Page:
1090 Page: The House Where the Haight Began

Sometime in the spring or summer of 1964, Rodney Albin’s uncle acquired a twenty-two room Victorian boarding house on the corner of Page and Broderick Streets in San Francisco’s Haight-Ashbury district. The place had seen better days. Built in the 1880s by the owner of a high-toned downtown haberdashery, it had all the modern 1888 conveniences – speaking tubes, a doorbell that rang on each floor, and gas lighting sconces on the walls for when the electricity went out. Its pearl, though, was in the basement: a full-sized ballroom with a stage in one alcove. The entire room was lined with glowing virgin redwood panels.

But in the 1940s, 1090 Page Street was downscaled from a mansion to a boarding house.  Life Magazine mentioned it in a 1961 story titled “The Irish in America.” It featured a full-page photo of thirty ‘typical Irish’ working stiffs and Mrs. Minton, their landlady, all leaning out the windows of 1090 Page waving madly.

For Rodney’s uncle, the building was strictly a business investment.  He was planning to tear it down and replace it with federally funded senior housing.   But the deal was bogged down in Washington somewhere, so Rodney approached him – he knew a way his uncle could make some money on the place while he waited to finalize the deal.  Why not rent rooms to San Francisco State students? Why, it happened that Rodney himself was a State student.  With his connections he could easily fill the place with the most respectable type of student, earnest and studious.   Rodney guaranteed him $600 a month, and was soon installed as landlord of what would become possibly the most renowned proto-hippie/scruffy student  pad in San Francisco’s short history.  By fall, the place was jumping.  Since rooms began at $15 a month, it was affordable,  to say the least.

Experimental filmmaker Loren Means lived there during those first few months.  “The psychedelic thing and rock and roll hadn’t really happened yet.  1090 was more a community of artists and students.  We supported each other and took an interest in what each other were doing. I was in the Film Department at State and also was about to teach a class on Non-Objective Literature at the students’ new Experimental College. I planned to assign Finnegan’s Wake.  I was talking to Rodney about it and he said the Wake was a failure. That brought me up short. I’ve never heard anyone else say that about Joyce.”

That was part of the fun of hanging out with Rodney: He would spout that stuff out continually.

Loren told me about another time on campus.  “There was some kind of protest going on against the new Student Union because the administration had rejected the architect the students wanted. The protesters started selling hamburgers in competition with the cafeteria.  They claimed it was overcharging. Rodney bought hamburgers from both sides and weighed them, and said that the cafeteria hamburgers were a better deal because they weighed a few grams more than the protesters’ hamburgers.”

Dammed iconoclasts, anyway.

Sixties rocker Peter Kraemer told me about the night at 1090 when a critical moment in modern cultural history took place: “Jim Oshita, who used to drive around SF State in a golf cart full of TV sets, supposedly dropped one of those from the top of the great central staircase (he lived up there somewhere); must have been at least five floors down to the ballroom level. This might have been the seminal TV drop; the next one I heard about was in ’66 when The Blues Magoos threw one out an upper window of the Albert Hotel in NY.”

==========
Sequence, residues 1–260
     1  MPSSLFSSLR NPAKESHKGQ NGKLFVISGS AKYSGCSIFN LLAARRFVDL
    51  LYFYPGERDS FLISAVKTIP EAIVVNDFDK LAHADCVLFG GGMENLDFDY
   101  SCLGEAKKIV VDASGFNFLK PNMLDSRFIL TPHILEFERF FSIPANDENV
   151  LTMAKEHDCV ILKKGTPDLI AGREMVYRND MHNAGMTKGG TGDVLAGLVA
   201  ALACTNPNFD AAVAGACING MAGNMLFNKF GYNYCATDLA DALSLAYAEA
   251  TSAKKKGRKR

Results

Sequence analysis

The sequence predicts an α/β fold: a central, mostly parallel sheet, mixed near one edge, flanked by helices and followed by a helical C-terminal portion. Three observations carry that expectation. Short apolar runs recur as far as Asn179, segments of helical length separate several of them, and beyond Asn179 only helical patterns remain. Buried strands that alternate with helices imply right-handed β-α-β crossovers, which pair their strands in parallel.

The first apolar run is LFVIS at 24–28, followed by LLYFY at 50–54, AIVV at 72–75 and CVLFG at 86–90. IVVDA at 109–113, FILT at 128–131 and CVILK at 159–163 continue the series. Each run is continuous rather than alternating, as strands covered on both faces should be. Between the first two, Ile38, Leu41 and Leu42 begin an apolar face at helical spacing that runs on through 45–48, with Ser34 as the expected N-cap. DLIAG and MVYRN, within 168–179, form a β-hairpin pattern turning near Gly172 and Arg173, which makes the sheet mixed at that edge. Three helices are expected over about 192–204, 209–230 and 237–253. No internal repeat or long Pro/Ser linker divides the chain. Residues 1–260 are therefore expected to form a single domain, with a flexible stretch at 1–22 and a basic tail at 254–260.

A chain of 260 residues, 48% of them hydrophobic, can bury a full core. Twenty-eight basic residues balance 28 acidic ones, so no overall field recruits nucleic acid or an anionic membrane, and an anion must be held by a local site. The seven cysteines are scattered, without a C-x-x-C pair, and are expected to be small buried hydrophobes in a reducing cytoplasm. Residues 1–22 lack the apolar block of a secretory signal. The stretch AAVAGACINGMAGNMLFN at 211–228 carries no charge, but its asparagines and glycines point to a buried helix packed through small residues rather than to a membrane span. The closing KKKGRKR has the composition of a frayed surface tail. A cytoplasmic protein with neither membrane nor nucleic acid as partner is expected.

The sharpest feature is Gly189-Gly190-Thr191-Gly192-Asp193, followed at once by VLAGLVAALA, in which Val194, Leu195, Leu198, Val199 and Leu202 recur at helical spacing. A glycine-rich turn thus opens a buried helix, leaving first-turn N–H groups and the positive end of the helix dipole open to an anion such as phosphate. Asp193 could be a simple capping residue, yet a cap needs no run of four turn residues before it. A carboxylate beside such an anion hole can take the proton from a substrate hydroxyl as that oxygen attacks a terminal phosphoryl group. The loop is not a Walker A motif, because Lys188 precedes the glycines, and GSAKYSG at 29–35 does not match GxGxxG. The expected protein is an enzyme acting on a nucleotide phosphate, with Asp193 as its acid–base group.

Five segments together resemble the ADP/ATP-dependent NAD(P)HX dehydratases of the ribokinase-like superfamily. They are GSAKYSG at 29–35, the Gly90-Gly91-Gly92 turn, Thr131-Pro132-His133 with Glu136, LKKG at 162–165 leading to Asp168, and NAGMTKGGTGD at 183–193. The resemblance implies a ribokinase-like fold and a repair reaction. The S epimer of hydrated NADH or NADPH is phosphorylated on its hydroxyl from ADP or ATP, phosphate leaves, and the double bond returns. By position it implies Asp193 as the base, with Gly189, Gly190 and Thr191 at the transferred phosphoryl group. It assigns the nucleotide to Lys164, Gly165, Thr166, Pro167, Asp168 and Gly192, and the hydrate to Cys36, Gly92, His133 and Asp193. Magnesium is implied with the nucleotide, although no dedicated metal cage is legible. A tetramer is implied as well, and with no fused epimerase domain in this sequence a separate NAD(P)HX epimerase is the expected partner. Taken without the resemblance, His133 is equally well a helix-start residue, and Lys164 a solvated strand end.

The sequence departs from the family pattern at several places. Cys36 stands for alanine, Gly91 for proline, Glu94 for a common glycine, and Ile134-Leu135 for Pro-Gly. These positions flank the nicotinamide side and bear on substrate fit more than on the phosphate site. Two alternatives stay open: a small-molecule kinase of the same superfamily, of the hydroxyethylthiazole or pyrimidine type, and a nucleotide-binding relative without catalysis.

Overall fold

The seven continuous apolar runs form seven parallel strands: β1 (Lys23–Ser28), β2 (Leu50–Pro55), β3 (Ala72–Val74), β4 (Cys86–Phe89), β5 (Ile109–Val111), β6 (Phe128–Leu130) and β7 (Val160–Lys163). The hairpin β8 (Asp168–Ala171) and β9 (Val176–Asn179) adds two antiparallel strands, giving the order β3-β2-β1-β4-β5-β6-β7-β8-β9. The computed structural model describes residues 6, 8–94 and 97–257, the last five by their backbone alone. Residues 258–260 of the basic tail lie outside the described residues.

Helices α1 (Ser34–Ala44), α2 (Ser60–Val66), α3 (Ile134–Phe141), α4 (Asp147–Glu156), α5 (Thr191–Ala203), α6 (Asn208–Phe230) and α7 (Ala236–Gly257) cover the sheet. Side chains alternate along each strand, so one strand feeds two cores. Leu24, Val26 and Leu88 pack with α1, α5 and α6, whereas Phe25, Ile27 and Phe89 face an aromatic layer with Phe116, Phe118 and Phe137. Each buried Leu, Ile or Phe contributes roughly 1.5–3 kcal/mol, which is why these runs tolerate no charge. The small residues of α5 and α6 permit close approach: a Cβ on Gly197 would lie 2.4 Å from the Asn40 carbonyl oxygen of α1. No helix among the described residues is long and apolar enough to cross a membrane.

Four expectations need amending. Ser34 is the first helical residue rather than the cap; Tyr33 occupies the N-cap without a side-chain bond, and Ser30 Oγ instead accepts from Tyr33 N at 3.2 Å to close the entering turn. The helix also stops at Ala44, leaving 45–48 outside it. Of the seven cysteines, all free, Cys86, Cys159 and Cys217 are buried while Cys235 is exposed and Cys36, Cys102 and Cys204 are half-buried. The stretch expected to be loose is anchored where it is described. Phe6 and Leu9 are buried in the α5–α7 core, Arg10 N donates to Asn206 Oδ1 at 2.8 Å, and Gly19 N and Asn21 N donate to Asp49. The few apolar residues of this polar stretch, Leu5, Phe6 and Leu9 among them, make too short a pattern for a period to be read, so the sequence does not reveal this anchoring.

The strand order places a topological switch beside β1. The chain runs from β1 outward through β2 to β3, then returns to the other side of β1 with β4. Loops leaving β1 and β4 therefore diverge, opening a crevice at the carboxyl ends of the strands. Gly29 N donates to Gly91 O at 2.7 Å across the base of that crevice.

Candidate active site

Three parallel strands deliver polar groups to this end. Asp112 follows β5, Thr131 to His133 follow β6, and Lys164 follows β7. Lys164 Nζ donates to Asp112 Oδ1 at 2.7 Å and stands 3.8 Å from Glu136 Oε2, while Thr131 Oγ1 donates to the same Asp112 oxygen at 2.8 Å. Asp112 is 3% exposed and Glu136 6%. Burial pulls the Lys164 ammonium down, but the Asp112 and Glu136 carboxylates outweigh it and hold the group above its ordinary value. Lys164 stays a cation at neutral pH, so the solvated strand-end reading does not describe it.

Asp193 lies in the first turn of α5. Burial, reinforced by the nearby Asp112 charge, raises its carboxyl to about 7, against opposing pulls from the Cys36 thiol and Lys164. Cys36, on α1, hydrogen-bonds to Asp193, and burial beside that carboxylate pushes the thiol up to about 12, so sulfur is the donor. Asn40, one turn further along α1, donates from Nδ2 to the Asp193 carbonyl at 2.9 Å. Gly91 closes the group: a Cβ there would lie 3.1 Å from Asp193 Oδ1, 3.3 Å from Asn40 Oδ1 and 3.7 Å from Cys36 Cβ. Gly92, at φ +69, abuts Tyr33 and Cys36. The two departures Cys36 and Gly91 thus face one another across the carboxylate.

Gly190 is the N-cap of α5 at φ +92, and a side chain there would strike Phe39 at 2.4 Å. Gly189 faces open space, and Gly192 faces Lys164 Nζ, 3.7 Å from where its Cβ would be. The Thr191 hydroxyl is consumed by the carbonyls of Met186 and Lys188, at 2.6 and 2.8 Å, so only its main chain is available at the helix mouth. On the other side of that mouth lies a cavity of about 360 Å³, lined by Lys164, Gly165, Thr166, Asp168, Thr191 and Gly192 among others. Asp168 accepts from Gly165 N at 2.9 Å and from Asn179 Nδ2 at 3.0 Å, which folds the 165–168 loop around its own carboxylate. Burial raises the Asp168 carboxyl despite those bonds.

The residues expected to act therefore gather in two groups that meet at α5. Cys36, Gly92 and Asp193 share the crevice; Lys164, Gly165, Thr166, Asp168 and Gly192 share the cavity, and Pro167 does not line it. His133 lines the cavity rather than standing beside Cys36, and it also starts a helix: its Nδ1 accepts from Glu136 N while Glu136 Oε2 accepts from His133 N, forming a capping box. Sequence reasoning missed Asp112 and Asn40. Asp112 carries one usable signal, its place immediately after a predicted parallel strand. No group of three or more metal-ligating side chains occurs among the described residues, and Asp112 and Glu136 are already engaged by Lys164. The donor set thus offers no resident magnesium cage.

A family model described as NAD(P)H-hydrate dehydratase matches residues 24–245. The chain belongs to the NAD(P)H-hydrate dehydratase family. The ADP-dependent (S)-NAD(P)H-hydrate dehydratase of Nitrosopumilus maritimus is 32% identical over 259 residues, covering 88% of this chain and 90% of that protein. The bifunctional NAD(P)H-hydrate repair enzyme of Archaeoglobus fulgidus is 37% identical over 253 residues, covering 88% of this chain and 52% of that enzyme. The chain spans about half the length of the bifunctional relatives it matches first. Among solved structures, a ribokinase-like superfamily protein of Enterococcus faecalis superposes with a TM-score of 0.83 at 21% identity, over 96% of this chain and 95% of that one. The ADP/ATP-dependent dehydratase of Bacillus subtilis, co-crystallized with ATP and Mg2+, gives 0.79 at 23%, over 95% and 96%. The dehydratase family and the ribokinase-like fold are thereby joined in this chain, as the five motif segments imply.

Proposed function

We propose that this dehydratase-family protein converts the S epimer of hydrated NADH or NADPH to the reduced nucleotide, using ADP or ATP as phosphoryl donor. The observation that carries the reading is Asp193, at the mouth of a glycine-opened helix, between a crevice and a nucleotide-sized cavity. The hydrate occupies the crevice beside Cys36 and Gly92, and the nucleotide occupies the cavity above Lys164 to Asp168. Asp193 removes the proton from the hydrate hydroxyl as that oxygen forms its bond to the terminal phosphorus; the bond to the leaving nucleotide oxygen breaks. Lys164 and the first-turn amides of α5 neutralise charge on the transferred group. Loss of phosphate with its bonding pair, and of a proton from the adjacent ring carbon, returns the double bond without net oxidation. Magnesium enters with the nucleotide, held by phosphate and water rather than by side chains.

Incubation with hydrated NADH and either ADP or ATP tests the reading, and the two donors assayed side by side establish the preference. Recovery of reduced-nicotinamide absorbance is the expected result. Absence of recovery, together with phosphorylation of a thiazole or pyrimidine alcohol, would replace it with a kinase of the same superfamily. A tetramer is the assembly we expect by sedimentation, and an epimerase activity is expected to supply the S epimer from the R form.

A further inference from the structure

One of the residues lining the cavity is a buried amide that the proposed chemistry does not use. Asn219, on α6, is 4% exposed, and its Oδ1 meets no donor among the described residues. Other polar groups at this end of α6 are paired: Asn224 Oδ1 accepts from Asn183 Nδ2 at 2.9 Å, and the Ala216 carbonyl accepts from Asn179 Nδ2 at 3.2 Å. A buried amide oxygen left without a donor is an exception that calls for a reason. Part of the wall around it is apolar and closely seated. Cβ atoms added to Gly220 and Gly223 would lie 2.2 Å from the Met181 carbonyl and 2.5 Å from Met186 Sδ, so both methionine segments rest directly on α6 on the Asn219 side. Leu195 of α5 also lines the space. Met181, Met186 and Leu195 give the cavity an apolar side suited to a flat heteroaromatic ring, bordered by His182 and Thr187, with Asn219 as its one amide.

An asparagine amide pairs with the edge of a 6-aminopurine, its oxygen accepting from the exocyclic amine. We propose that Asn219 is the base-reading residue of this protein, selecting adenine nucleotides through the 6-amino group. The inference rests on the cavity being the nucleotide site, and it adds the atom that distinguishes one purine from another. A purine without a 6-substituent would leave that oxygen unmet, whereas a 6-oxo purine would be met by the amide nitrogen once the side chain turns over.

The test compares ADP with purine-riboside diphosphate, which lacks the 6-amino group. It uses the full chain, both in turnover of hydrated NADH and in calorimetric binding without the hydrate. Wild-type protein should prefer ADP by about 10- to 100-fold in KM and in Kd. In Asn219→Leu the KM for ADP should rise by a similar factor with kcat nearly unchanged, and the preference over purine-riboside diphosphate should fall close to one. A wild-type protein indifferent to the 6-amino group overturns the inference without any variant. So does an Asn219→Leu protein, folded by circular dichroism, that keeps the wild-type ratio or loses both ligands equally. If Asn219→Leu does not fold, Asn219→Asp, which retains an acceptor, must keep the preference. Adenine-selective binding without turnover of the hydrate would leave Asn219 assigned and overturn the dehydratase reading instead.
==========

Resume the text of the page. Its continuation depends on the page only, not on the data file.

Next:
I wonder where Rodney was.  He may have been playing his banjo for musical accompaniment.  More likely, he wasn’t there.  As the landlord, he was supposed to look askance at these irregular and potentially destructive activities.

It’s funny how freaks hated television in those days except, maybe, the Smothers Brothers.   Television was the insidious voice of the enemy whispering to America what to buy next.  Good riddance!

Rodney, to keep the house full, began renting to people from the local hipster community as well as students.  For instance, there was George Shea.

George was an actor.  One afternoon, he taped up a poster in the kitchen advertising “Social Realism Tonight — in The Ballroom!”  He was working up a one man production of Clifford Odet’s 1930s play Waiting For Lefty. The play, about a taxi drivers’ strike,  required actors in the audience to shout out questions and rude remarks to the actors onstage.   Since this was a one man show, George had to portray all the characters on stage, then quick hop off the alcove into the ten or fifteen people who’d come down to see the fun, scream an obscenity, then rush back onstage to answer himself.  It was a memorable performance, but George’s true fame came a little later.

One morning, George and his girl friend Marilyn woke up bored.  So they decided to rob a bank.  What the world needed now, clearly, was an Art robbery, a Dada robbery, a Happening robbery.  They planned it over a nice cup of Folger’s Instant, then strolled down Divisadero Street to the local Bank of America branch.   They had the foresight to scrawl a note that read “Put the money in a bag.” They walked into the bank, waited in line, and when they got to the window, shoved the note through.  Of course, they didn’t think they’d actually need a bag.  They had other, more interesting plans.

Unfortunately though, we’ll never know what those plans were.  The branch had endured a spate of robberies lately, and this morning the teller was a cop.  He took one look at the note and pulled his gun.

“Wait!  You don’t understand!  This isn’t really a robbery.  It’s living theater!  Help!”

After a couple days in jail, Marilyn’s family paid their bail, hired a lawyer, and eventually got the charge against them reduced to malicious mischief.  The story ends even more sadly: the Examiner ran a front page story about the robbery – and spelled George’s name wrong.  You just don’t do that to an actor.